Friday, March 27, 2009

Precious Ramotswe Hits the Little Screen

It will be interesting to see how HBO does with its adaptation of the wildly popular series The No. 1 Ladies Detective Agency, by Alexander McCall Smith. The series premieres Sunday night with a two-hour episode directed by Anthony Minghella ("The English Patient," "The Talented Mr. Ripley"), who died last March. On the small screen, private investigator Precious Ramotswe -- Botswana's first female detective -- will be played by Jill Scott, Grammy-winning singer and songwriter.

If the series -- filmed on location in Botswana -- remains true to the feel of the books, it will have a more languorous pacing than the nonstop action and edginess we often see in TV mysteries. The series excels at exploring the tension between tradition and modernity and at portraying the everyday lives of black Africans. Mr. Smith has said this about the country where he used to live: "...when you visit Botswana that you are likely to be impressed by the spirituality of the place. Not in a religious sense, but just a sense of human spirituality, and spiritual possibilities. And, you can't help but be bowled over by the magnificence of the country, by the sense of being in this great natural theater of light and wonderful expanses of countryside and intense natural beauty. It's very moving. It's overwhelming. I fell in love with it."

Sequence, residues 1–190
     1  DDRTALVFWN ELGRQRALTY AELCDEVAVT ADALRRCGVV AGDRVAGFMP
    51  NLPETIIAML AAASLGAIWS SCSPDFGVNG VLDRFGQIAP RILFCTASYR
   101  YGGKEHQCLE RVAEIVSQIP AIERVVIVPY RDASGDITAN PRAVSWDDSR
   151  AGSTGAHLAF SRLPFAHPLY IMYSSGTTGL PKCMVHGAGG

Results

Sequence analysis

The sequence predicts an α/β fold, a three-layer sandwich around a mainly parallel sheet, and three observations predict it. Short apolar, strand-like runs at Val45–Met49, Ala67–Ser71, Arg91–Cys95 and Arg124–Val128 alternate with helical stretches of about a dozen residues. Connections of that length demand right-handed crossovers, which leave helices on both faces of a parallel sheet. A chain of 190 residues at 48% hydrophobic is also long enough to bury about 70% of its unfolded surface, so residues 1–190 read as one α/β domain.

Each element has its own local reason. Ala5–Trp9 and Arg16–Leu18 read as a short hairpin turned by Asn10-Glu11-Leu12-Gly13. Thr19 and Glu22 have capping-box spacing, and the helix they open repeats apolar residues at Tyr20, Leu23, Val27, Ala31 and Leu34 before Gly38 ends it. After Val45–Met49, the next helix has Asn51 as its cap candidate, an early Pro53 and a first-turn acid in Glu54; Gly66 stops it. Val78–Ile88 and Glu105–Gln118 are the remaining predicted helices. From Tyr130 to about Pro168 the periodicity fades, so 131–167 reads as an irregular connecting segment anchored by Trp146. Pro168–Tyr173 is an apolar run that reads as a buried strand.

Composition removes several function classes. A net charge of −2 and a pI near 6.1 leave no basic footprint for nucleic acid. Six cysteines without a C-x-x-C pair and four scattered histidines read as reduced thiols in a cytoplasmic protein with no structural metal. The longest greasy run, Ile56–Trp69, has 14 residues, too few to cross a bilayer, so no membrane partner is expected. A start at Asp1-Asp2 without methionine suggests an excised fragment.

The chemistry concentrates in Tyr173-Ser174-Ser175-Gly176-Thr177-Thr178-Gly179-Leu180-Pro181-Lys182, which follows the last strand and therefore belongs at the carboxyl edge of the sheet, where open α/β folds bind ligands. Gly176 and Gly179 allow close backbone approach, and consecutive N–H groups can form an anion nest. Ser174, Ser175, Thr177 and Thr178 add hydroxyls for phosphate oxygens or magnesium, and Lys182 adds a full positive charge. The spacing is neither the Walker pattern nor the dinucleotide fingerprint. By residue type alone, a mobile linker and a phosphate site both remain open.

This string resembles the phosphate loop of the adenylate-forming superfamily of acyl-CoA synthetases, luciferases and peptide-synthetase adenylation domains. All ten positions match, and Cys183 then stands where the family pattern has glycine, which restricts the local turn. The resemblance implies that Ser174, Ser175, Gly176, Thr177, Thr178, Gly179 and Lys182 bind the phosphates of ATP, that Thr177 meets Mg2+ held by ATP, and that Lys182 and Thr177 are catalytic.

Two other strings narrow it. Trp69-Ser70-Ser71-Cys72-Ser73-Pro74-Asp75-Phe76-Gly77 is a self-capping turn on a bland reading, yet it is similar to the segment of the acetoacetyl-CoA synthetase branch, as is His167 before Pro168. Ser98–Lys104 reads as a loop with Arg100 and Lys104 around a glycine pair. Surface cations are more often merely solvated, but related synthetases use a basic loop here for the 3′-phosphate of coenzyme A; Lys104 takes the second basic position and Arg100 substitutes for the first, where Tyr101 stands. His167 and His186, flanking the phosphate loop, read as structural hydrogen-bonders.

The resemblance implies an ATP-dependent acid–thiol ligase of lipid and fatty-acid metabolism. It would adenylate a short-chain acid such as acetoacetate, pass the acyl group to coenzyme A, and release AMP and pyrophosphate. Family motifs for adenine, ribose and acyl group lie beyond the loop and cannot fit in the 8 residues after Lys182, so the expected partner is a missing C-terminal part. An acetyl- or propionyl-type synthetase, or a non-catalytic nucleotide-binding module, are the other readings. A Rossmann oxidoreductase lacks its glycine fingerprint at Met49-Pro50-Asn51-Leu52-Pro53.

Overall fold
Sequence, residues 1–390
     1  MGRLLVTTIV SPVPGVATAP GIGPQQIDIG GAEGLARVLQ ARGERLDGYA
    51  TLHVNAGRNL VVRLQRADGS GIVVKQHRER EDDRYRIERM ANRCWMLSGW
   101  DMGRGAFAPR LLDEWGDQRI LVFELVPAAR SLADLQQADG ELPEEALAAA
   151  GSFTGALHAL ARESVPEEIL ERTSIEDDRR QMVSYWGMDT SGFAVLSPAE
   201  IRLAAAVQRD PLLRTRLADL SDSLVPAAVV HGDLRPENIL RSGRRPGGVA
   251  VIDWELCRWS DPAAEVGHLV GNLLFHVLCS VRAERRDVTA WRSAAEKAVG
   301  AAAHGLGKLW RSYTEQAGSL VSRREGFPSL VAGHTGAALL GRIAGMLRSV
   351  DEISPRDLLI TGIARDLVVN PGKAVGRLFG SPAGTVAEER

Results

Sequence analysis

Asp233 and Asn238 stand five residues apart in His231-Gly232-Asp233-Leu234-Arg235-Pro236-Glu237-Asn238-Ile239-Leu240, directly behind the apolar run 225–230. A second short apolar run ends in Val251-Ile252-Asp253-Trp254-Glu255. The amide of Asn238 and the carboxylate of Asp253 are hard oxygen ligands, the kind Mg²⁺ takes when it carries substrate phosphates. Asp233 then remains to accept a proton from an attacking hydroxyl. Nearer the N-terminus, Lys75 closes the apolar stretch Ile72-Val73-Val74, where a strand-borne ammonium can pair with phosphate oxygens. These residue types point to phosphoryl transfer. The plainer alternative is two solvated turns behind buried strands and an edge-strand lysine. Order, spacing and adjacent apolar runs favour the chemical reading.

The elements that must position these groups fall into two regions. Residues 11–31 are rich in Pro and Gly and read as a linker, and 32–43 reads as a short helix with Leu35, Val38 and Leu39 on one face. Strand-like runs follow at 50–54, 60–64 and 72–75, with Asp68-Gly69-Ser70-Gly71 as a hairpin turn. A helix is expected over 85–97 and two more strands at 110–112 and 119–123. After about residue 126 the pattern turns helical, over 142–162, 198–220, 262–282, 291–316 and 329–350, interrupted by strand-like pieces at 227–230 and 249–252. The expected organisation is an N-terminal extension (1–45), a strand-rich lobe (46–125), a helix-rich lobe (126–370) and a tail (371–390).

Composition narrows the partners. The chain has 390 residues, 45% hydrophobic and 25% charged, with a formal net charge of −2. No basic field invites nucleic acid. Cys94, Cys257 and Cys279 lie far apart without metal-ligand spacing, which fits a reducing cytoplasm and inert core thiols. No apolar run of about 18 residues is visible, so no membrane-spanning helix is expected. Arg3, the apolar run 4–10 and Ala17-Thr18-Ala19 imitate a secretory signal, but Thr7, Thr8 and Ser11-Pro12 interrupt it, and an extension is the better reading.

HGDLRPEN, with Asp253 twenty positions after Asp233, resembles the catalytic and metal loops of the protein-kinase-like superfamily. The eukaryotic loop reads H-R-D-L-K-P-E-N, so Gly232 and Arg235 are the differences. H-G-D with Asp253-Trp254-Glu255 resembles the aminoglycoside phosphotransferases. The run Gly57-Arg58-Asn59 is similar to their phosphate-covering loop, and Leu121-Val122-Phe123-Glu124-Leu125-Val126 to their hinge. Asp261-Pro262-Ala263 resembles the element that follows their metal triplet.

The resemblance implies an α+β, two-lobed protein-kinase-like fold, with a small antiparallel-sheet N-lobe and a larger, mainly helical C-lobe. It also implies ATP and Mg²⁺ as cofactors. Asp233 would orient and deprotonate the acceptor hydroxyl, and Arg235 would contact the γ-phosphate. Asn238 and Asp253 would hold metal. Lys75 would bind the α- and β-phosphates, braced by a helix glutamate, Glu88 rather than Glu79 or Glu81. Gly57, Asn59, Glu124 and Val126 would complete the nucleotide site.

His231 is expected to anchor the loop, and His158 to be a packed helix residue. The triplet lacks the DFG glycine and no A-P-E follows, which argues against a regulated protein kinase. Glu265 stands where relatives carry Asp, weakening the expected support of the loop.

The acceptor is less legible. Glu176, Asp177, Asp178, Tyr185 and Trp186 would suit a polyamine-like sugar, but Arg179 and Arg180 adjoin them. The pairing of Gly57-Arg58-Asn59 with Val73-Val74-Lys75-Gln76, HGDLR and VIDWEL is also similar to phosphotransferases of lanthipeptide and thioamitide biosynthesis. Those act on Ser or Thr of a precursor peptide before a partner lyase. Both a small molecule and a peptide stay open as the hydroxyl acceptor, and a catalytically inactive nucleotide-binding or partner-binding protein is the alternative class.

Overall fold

Alexander McCall Smith was born in 1948 in what is now known as Zimbabwe and was educated there and in Scotland. He was working as a distinguished bioethicist -- serving on British and international bioethics committees -- and as a professor of medical law at the University of Edinburgh, when the idea for the Precious Ramotswe character came to him. He chose to set the series in Botswana, where he used to teach law. He has now written more than 60 books, including academic texts and books for both children and adults, including two series featuring women who solve problems (Precious and Isabel Dalhousie, the main character in The Sunday Philosophy Club series set in Edinburgh.) He plays the bassoon in The Really Terrible Orchestra, an Edinburgh band he founded in which his wife, a physician, plays the horn. (The tag line for the orchestra is "The cream of Edinburgh's musically disadvantaged.")

The No 1 Ladies Detective Agency has been translated into more than xx languages and has sold more than xx million copies in English. [There's really no point in quoting actual numbers here, because his books are so wildly popular the numbers change pretty much daily!] The tenth book in the series, Tea Time for the Traditionally Built (what a fabulous title) will publish next month in hardcover. The Miracle at Speedy Motors, the ninth book, just came out in paperback.

Since I don't have HBO, I'll have to stick to reading the books for now to keep up with Precious. But maybe someone who catches the premiere can let me know what they think.

1 comment:

  1. I am reading The Miracle at Speedy Motors right now and and as with his previous books in this series, Mr Smith delivers a wonderful picture of Precious Ramotswe and life in her part of the world. Don't have HBO either, so will have to keep on reading!


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